University Of Richmond Museums opens
Minna Citron: The Uncharted Course From Realism to Abstraction
On view October 7 through December 7, 2014, in the Joel and Lila Harnett Museum of Art and Print Study Center, is the exhibition Minna Citron: The Uncharted Course From Realism to Abstraction. American artist and printmaker Minna Citron (1896-1991) was at the forefront of major artistic movements of the 20th-century, experimenting with cutting-edge styles and techniques with an often feminist perspective. This retrospective exhibition includes approximately 50 paintings, prints, drawings, and mixed media constructions created during the course of Citron’s 60-year career.
Born in 1896 in Newark, New Jersey, and raised in Brooklyn, Citron attended the Brooklyn Institute of Arts and Sciences and the New York School of Applied Design for Women. Citron’s early work in the 1930s, while studying at the Art Students League, was often satirical critiques of contemporary society in New York’s social scene. During that period, she was part of the group known as the Fourteenth Street School. As a lifelong, self-proclaimed feminist, she challenged the roles of women in the 1930s, a period in which representations of women in art had become more conservative than the images of sexually liberated modern women of the previous decade. She began associating with urban realist painters and used her paintings and prints to document the occurrence of mill strikes, crime, and child workers during the Depression.
In the 1940s, Citron moved away from realism and became part of the first generation of New York Abstract Expressionists. Her longstanding interest in psychoanalysis and Freudian theory burgeoned during this time, as she worked in Stanley William Hayter’s graphic workshop “Atelier 17” alongside well-known artists including Marc Chagall, Jackson Pollock, and Mark Rothko. As her career progressed, Citron continued to draw on psychoanalysis, exploring the use of accident, chance, and the unconscious as sources of inspiration in her abstract art. In the 1960s and 1970s she turned to collages and mixed-media constructions, and then back to painting during her last decade.
The exhibition was organized by Juniata College Museum of Art, Huntingdon, Pennsylvania, and curated by Jennifer L. Streb, Associate Professor of Art History and Curator of the Museum, and Christiane H. Citron, granddaughter and scholar of Citron. At the Harnett Museum of Art, the exhibition is made possible in part with support from the Louis S. Booth Arts Fund. An exhibition catalogue, published by Juniata College Museum of Art, is available.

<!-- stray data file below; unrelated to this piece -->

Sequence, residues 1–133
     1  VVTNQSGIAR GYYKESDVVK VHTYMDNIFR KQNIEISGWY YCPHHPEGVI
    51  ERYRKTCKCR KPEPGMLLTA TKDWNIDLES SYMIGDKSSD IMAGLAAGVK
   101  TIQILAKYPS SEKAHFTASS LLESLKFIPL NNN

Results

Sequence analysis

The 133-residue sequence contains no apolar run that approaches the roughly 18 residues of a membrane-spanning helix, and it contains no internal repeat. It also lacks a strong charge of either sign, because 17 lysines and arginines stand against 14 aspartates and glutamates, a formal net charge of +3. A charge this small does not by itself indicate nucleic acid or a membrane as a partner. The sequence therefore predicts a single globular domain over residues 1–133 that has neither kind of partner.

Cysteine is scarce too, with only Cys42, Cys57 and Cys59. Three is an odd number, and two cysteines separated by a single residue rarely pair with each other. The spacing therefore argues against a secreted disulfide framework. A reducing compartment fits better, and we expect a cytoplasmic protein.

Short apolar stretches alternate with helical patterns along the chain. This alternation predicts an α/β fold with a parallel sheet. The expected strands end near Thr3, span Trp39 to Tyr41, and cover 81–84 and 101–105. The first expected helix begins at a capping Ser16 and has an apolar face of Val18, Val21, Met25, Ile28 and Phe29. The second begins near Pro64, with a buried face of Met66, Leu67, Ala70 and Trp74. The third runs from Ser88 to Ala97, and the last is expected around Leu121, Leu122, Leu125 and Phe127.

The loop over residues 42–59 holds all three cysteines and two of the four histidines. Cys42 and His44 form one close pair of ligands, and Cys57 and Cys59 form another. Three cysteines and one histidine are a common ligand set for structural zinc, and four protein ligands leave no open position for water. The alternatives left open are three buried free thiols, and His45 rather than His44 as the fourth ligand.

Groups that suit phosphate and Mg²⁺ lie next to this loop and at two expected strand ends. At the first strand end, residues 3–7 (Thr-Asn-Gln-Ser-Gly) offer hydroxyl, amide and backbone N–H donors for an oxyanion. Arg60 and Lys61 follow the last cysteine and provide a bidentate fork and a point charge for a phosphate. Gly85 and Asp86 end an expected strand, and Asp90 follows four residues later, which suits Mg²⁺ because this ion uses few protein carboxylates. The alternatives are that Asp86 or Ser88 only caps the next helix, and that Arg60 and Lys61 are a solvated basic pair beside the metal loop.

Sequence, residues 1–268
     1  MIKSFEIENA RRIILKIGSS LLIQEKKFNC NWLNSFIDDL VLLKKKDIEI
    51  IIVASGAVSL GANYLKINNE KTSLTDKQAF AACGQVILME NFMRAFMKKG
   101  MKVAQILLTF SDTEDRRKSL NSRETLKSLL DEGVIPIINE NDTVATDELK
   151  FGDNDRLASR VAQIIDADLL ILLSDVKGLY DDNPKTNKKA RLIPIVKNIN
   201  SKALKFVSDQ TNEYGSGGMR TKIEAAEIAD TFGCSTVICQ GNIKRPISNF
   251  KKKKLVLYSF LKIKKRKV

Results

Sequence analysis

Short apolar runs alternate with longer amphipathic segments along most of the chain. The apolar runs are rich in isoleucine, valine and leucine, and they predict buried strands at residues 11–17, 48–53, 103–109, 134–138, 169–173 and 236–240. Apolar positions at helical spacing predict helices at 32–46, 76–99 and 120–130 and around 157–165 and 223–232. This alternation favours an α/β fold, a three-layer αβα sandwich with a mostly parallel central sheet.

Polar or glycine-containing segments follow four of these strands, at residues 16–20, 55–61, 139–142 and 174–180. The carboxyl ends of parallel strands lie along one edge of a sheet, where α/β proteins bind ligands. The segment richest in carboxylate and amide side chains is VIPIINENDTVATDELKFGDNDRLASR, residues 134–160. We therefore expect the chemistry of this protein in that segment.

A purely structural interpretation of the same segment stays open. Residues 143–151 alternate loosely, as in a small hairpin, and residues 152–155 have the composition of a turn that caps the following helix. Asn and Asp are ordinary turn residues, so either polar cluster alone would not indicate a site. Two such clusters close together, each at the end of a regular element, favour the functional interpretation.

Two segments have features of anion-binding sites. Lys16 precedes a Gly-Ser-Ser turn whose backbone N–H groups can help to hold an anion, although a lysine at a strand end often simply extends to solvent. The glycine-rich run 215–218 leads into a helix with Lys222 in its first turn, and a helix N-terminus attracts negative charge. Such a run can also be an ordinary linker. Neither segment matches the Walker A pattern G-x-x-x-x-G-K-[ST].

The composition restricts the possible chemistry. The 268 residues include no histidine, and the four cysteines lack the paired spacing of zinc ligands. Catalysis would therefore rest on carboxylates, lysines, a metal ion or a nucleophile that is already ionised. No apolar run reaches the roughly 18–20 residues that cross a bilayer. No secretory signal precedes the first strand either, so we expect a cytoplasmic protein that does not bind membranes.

Monday, October 6, 2014, 6 to 8 p.m.
6 p.m., Lecture, Camp Concert Hall, Modlin Center for the Arts
Minna Citron: From ‘Self Expression’ to Abstract Expressionism and Beyond
Christiane Citron, granddaughter and scholar of Minna Citron
7 to 8 p.m., Opening reception and preview of the exhibition
Harnett Museum of Art, Modlin Center for the Arts
University of Richmond Museums comprises the Joel and Lila Harnett Museum of Art, the Joel and Lila Harnett Print Study Center, and the Lora Robins Gallery of Design from Nature. Admission to all museums is free and open to the public.
For group visits and tours, please call Martha Wright at 804-289-8237, or visit museums.richmond.edu/education/tour-request.html at least two weeks prior to your visit for reservations. We can book group tours outside of our normal business hours.
Museum hours (8/20-4/27): Sunday through Friday, 1 to 5 p.m. Closed Fall Break (10/10-14), Thanksgiving Week (11/22-30), Semester Break (12/13-1/11), Martin Luther King, Jr. Day (1/19), Spring Break (3/7-15), Easter Weekend (4/4-5), and Summer Break (5/15-8/18).